Tuesday, 17 January 2012

Scramble For The Past


Foto Galatasaray / İstanbul – Beyoğlu, 05.1961, black & white negative, 9.5x14.8cm © Maryam Şahinyan

I love Istanbul. Every time I'm there, new galleries, museums and contemporary art project spaces pop up. I walked through the old Imperial Ottoman Bank (now called SALT Galata) in astonishment. Not only because of the beautiful renovation of the building (which includes two posh restaurants, a well-stocked bookstore and great library) but also on account of the exhibitions that are currently on show.


The Ottoman Bank Museum is situated in the basement.  The archives of the bank provide an insight into the economic, social and political climate in the Late Ottoman Empire and early Republican period. Not only was the bank behind a large number of projects during the industrialization period (railroads and mines), it was also the place where armed Armenian revolutionaries drew attention to the massacre of the Armenians .

Scramble for the Past: A Story of Archaeology in the Ottoman Empire, 1753 -1914 is an exhibition that covers the rise of archaeology in the Near East. Occasionally it is stuffy and dry, but nonetheless I love those shards, bottles, broken chains and old items. The SALT exhibition is not a standard archaeology display. Based on reports of Ottoman and Western researchers, maps and photographs of excavations such as Troy (Turkey) and Baalbek (Lebanon) it outlines a history of archaeology in the former Ottoman Empire : a historiography of archaeology actually. More than a century ago, the Europeans came to the Ottoman Empire to search and dig for antiquities. The British Museum is filled to the brim. Interestingly, there is obviously a tension between the Western claims of empirical, scientific research and the possession and control of Ottoman land and history.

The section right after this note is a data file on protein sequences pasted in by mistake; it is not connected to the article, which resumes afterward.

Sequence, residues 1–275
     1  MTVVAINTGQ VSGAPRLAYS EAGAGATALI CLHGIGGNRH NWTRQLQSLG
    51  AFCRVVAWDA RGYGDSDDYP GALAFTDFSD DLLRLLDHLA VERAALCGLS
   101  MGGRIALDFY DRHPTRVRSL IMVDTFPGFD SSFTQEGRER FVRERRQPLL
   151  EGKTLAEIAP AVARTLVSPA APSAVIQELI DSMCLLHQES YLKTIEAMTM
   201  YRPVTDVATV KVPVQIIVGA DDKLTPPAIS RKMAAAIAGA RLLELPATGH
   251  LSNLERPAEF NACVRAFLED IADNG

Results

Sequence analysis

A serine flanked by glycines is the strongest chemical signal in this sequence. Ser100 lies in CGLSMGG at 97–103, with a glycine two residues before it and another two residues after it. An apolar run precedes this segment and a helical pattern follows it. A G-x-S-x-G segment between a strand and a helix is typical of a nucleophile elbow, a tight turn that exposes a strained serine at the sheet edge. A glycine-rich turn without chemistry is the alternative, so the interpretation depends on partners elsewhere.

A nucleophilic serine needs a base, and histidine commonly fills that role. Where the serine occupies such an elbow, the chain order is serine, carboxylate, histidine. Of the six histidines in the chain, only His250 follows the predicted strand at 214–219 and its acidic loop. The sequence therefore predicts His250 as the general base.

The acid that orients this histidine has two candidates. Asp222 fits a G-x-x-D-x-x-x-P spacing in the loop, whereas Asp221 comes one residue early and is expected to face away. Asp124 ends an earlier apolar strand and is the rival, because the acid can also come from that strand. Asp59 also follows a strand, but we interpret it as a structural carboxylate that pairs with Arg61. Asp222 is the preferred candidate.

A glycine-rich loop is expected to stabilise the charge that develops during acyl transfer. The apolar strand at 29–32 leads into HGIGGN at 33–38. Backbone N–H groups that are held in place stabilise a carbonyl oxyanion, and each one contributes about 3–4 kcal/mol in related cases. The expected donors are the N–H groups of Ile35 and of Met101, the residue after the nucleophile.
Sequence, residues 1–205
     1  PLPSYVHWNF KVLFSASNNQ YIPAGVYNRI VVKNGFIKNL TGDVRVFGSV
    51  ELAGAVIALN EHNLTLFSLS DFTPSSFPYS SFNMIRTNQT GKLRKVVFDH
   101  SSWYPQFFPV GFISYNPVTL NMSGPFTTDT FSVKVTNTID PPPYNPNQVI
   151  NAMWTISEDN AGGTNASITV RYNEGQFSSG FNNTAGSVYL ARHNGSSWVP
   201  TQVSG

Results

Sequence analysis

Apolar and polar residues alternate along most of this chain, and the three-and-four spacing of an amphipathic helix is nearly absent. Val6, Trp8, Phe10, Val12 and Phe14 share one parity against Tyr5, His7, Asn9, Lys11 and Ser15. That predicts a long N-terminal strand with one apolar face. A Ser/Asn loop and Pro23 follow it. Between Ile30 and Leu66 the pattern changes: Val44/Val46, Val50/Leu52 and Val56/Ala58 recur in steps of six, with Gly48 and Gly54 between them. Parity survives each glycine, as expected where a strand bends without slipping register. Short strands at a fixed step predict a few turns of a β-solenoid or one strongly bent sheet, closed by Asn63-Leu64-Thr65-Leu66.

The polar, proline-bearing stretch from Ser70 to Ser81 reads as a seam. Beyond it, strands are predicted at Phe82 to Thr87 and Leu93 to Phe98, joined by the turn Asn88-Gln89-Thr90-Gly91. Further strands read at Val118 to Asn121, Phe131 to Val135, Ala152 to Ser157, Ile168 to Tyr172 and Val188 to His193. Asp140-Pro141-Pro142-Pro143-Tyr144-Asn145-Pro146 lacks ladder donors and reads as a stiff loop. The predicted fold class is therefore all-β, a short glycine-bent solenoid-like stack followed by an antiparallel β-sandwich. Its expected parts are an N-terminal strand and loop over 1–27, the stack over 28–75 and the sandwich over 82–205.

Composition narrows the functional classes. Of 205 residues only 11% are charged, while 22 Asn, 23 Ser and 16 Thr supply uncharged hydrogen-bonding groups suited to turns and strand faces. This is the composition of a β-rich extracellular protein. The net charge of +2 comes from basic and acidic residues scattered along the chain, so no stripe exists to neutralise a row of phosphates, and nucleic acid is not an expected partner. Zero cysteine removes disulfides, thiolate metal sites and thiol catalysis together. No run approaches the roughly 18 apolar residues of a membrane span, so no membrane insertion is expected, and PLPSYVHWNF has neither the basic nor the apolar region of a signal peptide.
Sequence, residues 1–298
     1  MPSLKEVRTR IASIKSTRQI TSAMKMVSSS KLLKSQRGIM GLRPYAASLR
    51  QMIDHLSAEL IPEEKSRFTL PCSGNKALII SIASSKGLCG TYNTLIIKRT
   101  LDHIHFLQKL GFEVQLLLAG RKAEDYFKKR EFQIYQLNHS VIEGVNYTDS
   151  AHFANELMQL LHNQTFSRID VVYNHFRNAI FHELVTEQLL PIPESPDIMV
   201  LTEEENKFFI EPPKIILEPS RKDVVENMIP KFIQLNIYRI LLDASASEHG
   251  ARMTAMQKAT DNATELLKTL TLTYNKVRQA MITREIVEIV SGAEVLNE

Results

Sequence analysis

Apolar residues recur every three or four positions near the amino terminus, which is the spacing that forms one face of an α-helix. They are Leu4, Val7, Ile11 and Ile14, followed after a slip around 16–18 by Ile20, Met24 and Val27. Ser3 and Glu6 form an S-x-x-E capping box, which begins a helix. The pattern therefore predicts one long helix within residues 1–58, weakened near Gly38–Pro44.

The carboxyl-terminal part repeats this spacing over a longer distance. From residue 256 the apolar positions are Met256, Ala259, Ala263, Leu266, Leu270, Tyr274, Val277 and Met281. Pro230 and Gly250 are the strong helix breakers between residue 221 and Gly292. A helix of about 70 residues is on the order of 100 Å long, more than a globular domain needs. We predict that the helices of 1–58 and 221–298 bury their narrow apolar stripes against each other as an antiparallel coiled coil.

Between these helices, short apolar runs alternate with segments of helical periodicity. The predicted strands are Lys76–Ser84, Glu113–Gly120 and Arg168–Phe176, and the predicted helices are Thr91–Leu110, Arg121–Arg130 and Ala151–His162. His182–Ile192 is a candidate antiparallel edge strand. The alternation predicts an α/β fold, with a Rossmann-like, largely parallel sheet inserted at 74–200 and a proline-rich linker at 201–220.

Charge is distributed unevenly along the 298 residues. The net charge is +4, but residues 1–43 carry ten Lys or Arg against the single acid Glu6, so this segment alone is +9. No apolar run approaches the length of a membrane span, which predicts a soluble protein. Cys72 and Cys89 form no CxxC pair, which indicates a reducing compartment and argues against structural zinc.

On the third floor - and finally we reach the photography part of this blog - is a fantastic project about the Armenian photographer Maryam Şahinyan. For more than fifty years Şahinyan had a studio on the Istiklal Caddesi, the Turkish equivalent of the Kalverstraat in Amsterdam or Oxford Street in London. Foto Galatasaray was not as well known as Foto Sabah or 19th century predecessors like Sebah & Joailliers or the Abdullah brothers. Maryam Şahinyan photographed the middle and lower classes. By making public the 200,000 photographs from the archive, artist-researcher-curator Tayfun Serttaş gives a face to groups that were marginalized in the Turkish Republic: women, christian religious orders and Armenians. In his beautiful installation Tayfun Serttaş allows us to see the true cosmopolitan character of Istanbul through the eyes of Maryam Şahinyan.

The three different exhibitions are connected by the focus on archival research and reinterpretation of their meaning. In other words, the rectifying of history. Through this methodology SALT puts emphasis on timely, important and often sensitive issues in Turkey (the need to emphasize Turkish identity and ignore or suppress other ethnicities), or in this case Europe (should the archaeological collections in European museums belong there?). The emphasis is on research and it is great that this does not affect accessibility to a wider audience: the place is inviting, the underlying studies converted into visually appealing exhibitions, admission is free, the archives are public and online access is possible. For me, SALT is a successful combination of research, aesthetics and inclusivity.

Kim Knoppers

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